Harvard Art Museums – Room 2740
Art From Us, Museum Guide #885
Art From Us presents a must-see Museum Guide daily, where we showcase specific artworks in specific museums – from across the globe. Today, for Art From Us, Museum Guide #885 the spotlight is on the Harvard Art Museums’ Room 2740. Showcasing a collection of The Efflorescence of East Asian and Buddhist Art.
The three works in focus are :
Virūdhaka (Zōchōten), Guardian King of the South, one of the Devarâjas (Shitennō), or Four Heavenly Guardian Kings, Heian Period, c. 1075
Left Hand of a Colossal Amida Buddha, Attributed to Kaikei, Kamakura period, 1185-1333
Kneeling Attendant Bodhisattva (from Mogao Cave 328, Dunhuang, Gansu province), late 7th century
The significance of the 3 works chosen for Art From Us, Museum Guide #885
According to the digital catalogue of the Harvard Art Museums :
“Introduced to China in the first century, Buddhism promised its adherents ultimate escape from existential suffering. It also offered ritual techniques for achieving present-world benefits, such as military victory and relief from disease. Treating both immediate and ultimate ills, Buddhism was already flourishing in China by the fourth and fifth centuries, when it was transmitted to Korea and Japan.”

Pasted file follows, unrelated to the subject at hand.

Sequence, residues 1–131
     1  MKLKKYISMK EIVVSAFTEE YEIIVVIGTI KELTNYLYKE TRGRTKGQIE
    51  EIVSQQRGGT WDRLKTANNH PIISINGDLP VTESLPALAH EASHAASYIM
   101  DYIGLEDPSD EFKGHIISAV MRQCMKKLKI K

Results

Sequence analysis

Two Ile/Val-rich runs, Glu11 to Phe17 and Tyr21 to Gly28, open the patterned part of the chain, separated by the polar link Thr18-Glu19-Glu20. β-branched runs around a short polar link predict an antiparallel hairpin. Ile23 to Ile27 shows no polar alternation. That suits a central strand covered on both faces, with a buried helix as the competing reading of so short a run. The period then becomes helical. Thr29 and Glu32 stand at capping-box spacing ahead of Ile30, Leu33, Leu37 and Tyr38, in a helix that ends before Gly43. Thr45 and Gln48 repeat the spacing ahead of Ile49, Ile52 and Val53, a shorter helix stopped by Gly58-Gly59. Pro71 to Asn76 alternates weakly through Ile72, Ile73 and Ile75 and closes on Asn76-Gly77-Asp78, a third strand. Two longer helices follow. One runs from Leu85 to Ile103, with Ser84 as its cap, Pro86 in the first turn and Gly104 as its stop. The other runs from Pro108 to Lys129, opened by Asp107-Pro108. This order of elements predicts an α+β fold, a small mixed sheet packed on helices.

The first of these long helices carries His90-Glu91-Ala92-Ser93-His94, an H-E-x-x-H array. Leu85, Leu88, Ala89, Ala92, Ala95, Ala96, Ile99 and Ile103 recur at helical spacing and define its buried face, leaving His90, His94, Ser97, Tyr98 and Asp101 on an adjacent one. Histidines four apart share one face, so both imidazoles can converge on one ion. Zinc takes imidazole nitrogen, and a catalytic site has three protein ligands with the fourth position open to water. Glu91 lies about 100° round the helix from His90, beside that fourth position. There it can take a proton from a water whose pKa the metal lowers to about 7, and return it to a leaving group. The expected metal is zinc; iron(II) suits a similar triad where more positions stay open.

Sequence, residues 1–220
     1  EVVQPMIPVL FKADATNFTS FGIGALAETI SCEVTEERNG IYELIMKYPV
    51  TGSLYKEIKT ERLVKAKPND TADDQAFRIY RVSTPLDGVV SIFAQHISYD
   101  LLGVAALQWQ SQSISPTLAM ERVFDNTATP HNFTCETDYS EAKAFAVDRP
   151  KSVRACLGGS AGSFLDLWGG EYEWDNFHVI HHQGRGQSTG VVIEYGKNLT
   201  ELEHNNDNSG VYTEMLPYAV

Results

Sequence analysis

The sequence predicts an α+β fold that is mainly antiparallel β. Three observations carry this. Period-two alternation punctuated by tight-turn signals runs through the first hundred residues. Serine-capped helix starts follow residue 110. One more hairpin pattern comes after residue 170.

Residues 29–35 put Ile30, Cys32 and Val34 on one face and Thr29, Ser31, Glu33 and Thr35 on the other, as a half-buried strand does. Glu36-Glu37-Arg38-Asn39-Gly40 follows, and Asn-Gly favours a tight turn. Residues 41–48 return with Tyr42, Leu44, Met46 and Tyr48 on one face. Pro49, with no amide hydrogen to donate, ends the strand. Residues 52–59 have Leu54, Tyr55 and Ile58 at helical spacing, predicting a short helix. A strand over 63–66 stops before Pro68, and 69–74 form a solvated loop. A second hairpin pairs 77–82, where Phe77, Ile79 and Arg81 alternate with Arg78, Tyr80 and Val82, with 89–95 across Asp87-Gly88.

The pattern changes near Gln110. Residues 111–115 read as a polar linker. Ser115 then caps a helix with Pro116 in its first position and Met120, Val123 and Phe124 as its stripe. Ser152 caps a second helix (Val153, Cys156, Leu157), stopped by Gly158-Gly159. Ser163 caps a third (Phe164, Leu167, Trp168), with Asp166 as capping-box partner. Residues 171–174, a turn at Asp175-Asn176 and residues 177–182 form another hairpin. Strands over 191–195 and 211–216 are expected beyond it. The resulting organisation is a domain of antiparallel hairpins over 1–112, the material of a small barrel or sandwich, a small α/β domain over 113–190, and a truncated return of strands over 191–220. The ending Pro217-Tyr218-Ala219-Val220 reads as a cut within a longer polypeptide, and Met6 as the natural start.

The practice of Buddhism spread far and wide in South East Asia and its impact was also seen on the cultural output of the region. Artists and craftsmen borrowed motifs and took inspiration from the story of Buddhism and of Buddha. With the passage of time, these craftsmen refined their technique. Oftentimes, their art was then put up in places of worship.
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